However, I believe that we need to look for answers beyond the ECS formula to bring new funding mechanisms to our municipalities. We should be looking into a separate funding mechanism for SPED. I also support the Commission on Fiscal Stability and Economic Growth’s recommendation to allow a municipal sales tax. This recommendation would provide local funding and reward cities for the economic activities they provide to their neighboring towns.

Candidate Bob Duff (D)

LWV: What are your top three legislative priorities?  Why these?

BD: In a broad sense, I’d say growing our economy, fighting for the middle class and holding true to our values. They’re all interrelated. Here’s what I mean:

I support Earned Family Medical Leave, a livable minimum wage, an affordable college education and affordable health care, especially for our seniors. Each affects how much we earn and how much of that we get to keep. Economies grow in lockstep with a citizens’s ability to learn, apply that knowledge in the workforce and earn a fair wage. The great middle class was built on these principles.

A closely related issue is my focus on small business growth and the strengthening our communities. All of this — the growing of our economy, the fight to preserve our middle class and holding true to our values — can be realized by investing in workforce-ready education, modern transportation systems and affordable housing.

Of course there are other issues – ones that didn’t make the top three — that are no less important. Net Neutrality and Internet privacy are important to nearly everyone. There’s a need to get a handle on prescription drug costs, ensure everyone who’s qualified to vote gets that opportunity, and preserve and protect our natural resources.

LWV: What alternative revenue streams are you suggesting to keep Connecticut fiscally sound for years to come?

BD: My record shows that I’ve always been a fiscal conservative. I loath the thought of raising taxes unless the most dire situation requires that. Expanding our tax base is the most practical and painless way to increase State revenue streams. And right now we’re in the best possible position to do this.

There are over 25,000 high-paying jobs available at just three Connecticut defense companies. There are many more open positions when you include their local suppliers. Then there’s the IT sector. Tack on another 4,000 job openings.

You can see why I support investments in education, transportation and affordable housing. We need a trained workforce to fill these jobs. We need the transportation infrastructure and readily-available housing to attract workers from out of state. And we need all three – education, transportation and affordable housing — to attract established and startup businesses to Connecticut.

LWV: Would you support establishing an independent citizen’s redistricting commission–similar to California’s– to draw new legislative district lines after the 2020 Census?  Why or why not?

BD: An independent commission is something to consider since we’ve all seen the negative effects of gerrymandering across the country. For example, most Congressional seats are considered “safe” for one party or another. Who holds those positions are not decided by the broad electorate, but rather party. insiders, based on maps drawn by state legislatures. Of course, this is a root cause of Washington’s gridlock.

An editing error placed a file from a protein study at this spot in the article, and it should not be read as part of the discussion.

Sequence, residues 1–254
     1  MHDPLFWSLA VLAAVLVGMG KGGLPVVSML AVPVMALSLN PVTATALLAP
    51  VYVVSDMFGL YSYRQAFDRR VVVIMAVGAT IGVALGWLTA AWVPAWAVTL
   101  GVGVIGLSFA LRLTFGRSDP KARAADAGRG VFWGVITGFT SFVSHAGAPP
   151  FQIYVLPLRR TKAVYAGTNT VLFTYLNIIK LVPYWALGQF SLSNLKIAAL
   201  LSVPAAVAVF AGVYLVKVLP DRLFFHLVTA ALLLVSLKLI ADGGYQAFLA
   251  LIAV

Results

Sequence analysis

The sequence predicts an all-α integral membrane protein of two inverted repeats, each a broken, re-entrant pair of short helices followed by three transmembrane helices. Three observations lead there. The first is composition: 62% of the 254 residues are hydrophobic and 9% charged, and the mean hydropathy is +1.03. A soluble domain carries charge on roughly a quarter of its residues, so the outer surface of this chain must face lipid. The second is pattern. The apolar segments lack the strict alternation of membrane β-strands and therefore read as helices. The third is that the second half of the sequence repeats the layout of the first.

The residents of our state should be proud we have a redistricting commission that is evenly drawn between Democrats and Republicans, with the final outcome approved by the full legislature. The process is fairer because both parties have an equal voice at the table.

LWV: What are your ideas on how to increase Norwalk’s share of Educational Cost Sharing (ECS) funding?

BD: I can offer Norwalk something better than ideas – a concrete solution that’s already being implemented. For the first time in a generation, Connecticut has a solid education funding formula.

After the Superior Court handed down its decision in CCJEF v. Rell, I seized the opportunity with other like-minded legislators. We designed a formula to promote investment in our urban areas, reduce the achievement gap and recognize the different needs of our students all across our state. This was my top legislative priority in 2017. A lot of work went into this effort – writing and submitting legislation, getting input at public hearings, hashing out the details with my colleagues and finding common ground with all the stakeholders.

In our bi-partisan budget, we fine tuned the wealth ratio. This helped cities like Norwalk — ones with high property values but with people who struggle to make ends meet. We included extra funding for concentrated poverty and English language learners. These were all firsts.

Just this fiscal year, Norwalk received more than $400,000 over and above the tens of millions of dollars allocated for school construction and repairs. Municipalities contribute the bulk of local education funding and the state has definitely been a strong partner. That’s how it should be.


Rick October 30, 2018 at 12:10 am

Bob you fought the middle class on Quintard ave , you never did anything about half way houses or sober house bills you simply ignored the problem , closing those beds at Norwalk Hospital was great idea wan’t it?

The only thing Ct has is defense contractors and with Murphy and Himes getting nothing but sloppy seconds you really think that’s going to save the State?


Bob here is an idea that may just work.


If Norwalk turned into a sanctuary city why didn’t we get what Waterbury and Danbury got? We did get housing vouchers from the two cities but not the funding to teach and fight poverty did we?

Bob you need Cheez Doodles see if Mike can spot you a bag.

Patrick November 1, 2018 at 1:01 pm

In the above interview Bob says, ‘My record shows that I’ve always been a fiscal conservative.’

However, when you go to VoteSmart.org and check his rating by the American Conservative Union for being fiscally conservative, he hasn’t even hit the 25% mark.

2016 – Positions (State Legislatures) = 22%

2016 – Lifetime Score (State Legislatures) = 14%


2016 was the most recent year they had data.